Stocks cut losses after morning sell-off


US stocks fell on Wednesday afternoon as some sectors rallied after a morning marked by large losses

The S&P 500 lost 0.1%. The Dow Jones Industrial Average lost 86 points, or about 0.3%. The technology-focused Nasdaq Composite Index rose less than 0.1%.

Equity trading has been bumpy lately as investors grapple with soaring energy prices and a general upward movement in government bond yields. Just a day earlier, the S&P 500 recorded its 25th gain of at least 1% for the year. The market failed to maintain momentum on Wednesday, however, with all three major stock indexes starting the day lower.

It is not uncommon to see stocks swing between gains and losses. In fact, most of the big breakthroughs in the stock market this year have come as a result of large losses, according to an analysis by Frank Cappelleri, office strategist at Instinet. Mr Cappelleri added that he would not be surprised to see more choppy trade actions in the last quarter of the year.

Investors are currently grappling with multiple issues. Oil and gas prices have jumped, which some analysts say could fuel inflation further. Meanwhile, investors have had to contend with rising bond yields, which can push down tech stocks, whose future earnings are typically worth less in today’s currency when discount rates rise. Tech stocks have been among the main drivers of the overall market gains in recent years.

“At what point do central banks have to say, wait, two years, maybe that requires some policy adjustment?” Said Jane Foley, head of currency strategy at Rabobank. She pointed the finger at the Bank of England, which said it could hike rates in the coming months as energy price inflation rises.

Rising oil and gas prices could slow the global economy as it recovers from shutdowns, analysts say.


Maddie McGarvey for The Wall Street Journal

Business news caused swings among individual stocks on Wednesday.

American Airlines shares fell 4.7% and JetBlue Airways fell 4.5% after Goldman Sachs analysts downgraded its ratings for both stocks, citing concerns over fuel costs and a slowdown in economic growth reducing airline profits.

Other airlines also fell, with Delta Air Lines down 2.4% and United Airlines down 2.8%.

Meanwhile, Palantir Technologies jumped 2.7% after it said it won a data and analytics contract with the U.S. military.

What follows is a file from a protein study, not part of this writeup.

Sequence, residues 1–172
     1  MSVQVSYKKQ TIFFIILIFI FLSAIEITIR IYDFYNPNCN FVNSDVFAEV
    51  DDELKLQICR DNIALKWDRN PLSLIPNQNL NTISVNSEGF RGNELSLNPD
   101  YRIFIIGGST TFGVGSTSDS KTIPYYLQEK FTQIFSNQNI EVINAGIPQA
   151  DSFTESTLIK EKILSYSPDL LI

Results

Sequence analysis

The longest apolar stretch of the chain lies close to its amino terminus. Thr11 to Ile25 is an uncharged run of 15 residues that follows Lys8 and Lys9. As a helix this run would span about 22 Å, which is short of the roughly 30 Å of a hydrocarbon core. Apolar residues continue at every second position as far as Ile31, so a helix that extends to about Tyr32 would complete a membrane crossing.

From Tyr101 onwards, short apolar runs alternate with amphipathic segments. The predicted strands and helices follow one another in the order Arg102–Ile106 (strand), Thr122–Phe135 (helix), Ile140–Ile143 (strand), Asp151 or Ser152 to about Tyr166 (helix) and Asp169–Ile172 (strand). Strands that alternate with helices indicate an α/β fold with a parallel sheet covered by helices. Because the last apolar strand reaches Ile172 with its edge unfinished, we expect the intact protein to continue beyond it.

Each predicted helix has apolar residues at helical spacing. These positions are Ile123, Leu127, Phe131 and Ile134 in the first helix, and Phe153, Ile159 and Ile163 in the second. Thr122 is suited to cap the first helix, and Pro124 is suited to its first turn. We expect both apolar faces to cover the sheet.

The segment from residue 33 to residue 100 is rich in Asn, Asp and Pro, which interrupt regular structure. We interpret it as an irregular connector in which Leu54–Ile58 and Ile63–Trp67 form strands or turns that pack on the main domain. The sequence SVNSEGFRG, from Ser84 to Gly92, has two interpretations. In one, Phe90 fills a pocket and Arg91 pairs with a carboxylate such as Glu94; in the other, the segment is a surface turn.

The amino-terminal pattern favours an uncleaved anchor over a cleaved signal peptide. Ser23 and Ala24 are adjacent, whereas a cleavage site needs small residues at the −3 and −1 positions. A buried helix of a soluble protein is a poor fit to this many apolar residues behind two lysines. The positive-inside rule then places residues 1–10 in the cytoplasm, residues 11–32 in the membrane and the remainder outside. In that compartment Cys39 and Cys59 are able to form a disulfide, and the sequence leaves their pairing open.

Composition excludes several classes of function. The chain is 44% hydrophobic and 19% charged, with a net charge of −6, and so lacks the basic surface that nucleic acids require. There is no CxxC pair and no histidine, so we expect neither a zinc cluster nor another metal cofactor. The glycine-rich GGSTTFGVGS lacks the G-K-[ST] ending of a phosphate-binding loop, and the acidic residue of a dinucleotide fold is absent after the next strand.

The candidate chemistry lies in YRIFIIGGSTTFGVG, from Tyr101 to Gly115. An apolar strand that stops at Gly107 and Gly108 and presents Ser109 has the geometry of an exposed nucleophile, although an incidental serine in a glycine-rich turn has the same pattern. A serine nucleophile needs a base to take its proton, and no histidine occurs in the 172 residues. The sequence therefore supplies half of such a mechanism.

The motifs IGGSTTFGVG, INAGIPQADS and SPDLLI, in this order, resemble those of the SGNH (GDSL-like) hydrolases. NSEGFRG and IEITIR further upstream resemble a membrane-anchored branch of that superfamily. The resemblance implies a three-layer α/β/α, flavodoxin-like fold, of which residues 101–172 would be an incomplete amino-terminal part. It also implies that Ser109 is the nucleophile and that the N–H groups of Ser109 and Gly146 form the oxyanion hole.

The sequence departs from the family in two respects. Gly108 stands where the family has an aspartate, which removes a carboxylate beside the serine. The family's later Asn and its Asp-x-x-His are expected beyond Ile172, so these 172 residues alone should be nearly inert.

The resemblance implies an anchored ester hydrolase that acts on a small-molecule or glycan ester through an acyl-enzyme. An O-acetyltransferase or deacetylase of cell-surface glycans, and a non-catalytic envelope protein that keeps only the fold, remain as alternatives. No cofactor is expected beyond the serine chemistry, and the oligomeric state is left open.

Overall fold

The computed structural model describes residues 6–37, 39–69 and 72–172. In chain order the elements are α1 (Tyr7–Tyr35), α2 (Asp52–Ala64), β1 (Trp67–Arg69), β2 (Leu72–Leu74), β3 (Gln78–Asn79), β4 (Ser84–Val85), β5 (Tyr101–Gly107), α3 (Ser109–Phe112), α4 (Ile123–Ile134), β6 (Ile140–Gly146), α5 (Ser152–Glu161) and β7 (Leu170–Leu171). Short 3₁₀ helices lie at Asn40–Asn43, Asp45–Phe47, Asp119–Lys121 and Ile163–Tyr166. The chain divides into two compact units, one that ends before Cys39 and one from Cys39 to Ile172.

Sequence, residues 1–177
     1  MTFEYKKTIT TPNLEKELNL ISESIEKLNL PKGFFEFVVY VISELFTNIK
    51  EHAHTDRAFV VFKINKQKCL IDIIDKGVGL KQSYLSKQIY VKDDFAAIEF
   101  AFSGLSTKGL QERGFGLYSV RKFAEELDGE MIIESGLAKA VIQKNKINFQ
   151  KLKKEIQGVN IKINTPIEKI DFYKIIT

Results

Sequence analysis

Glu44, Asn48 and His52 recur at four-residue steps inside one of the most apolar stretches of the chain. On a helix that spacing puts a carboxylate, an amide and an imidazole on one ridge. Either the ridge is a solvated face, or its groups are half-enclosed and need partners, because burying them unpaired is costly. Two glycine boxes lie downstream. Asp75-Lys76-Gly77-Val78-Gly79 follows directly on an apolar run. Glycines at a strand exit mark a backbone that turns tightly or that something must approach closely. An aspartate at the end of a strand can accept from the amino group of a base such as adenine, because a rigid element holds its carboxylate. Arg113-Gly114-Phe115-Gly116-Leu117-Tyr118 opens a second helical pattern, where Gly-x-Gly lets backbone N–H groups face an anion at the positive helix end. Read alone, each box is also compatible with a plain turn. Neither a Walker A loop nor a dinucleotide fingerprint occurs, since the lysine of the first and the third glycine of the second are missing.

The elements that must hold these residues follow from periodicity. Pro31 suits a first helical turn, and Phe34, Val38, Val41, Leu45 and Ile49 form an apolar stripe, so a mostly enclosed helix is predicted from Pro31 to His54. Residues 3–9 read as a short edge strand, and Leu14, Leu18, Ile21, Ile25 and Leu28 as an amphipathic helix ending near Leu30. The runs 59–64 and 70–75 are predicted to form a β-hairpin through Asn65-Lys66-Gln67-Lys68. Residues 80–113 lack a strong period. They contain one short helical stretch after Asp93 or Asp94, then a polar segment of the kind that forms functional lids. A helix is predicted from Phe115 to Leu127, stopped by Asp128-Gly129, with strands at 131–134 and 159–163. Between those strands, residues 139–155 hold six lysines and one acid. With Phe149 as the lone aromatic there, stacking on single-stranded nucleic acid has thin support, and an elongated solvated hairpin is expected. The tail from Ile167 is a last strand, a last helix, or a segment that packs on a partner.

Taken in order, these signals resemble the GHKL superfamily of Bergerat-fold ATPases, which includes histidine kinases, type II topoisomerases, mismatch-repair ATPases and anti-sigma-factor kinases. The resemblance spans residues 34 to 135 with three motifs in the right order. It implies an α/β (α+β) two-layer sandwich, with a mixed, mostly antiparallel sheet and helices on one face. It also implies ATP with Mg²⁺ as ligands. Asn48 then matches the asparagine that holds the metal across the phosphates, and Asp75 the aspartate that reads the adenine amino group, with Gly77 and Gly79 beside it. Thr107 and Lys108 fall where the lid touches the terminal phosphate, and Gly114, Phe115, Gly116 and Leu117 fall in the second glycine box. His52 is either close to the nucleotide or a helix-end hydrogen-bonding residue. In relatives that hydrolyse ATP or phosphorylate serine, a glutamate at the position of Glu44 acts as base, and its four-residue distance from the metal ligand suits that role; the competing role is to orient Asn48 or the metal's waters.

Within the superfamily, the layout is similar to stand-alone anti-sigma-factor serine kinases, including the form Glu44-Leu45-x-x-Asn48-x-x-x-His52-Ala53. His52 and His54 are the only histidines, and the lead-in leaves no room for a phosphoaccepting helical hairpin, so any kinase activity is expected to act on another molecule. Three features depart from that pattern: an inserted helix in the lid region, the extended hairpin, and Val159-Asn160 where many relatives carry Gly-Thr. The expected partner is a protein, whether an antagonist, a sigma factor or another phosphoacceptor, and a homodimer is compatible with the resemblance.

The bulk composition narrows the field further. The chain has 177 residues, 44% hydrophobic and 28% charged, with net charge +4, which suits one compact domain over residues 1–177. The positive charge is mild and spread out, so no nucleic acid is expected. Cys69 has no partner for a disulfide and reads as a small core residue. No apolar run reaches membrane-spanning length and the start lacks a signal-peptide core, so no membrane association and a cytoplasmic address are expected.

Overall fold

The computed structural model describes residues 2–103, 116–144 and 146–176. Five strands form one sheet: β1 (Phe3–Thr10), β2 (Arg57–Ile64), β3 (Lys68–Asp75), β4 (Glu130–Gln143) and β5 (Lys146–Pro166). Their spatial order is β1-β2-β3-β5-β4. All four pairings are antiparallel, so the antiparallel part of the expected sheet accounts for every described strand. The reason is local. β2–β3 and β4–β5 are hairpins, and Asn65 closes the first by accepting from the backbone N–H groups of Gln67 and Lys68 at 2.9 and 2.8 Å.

Government bond yields fell on Wednesday, although they remained near recent highs.

The yield on the 10-year US Treasury bill was last at 1.513%, from 1.528% on Tuesday. Yields fall as bond prices rise.

Abroad, the markets retreated.

The Stoxx Europe 600 slipped 1%, dragged down by shares of travel, leisure and retail companies. Aircraft maker Airbus and Jeep owner Stellantis fell 1.3% and 3.3% respectively.

Hong Kong’s Hang Seng fell 0.6% to its lowest level since October 2020.

In commodities markets, natural gas prices have soared while oil prices have retreated, but have remained a striking distance from multi-year highs.

Forecasts of colder weather and weak gas flows from Russia have caused the latest wave of natural gas price volatility, said Nick Boyes, senior analyst at Swiss energy producer and trader Axpo. Thin trading conditions also helped, traders and analysts said, as some companies faced margin calls and others ran into their credit limits.

Contracts for West Texas Intermediate, the main grade of US crude, fell 1.8% to $ 77.51 per barrel, falling even further from the $ 80 per barrel mark. WTI prices have not exceeded $ 80 per barrel intraday since November 2014.

Fluctuations in energy prices were reflected in European government bond markets. The yield on UK 10-year gilts climbed to 1.152% from 1.093% on Tuesday, before retreating. The UK is exposed to the global gas shortage because it has minimal amounts of fuel in storage.

Write to Joe Wallace at [email protected] and Akane Otani at [email protected]

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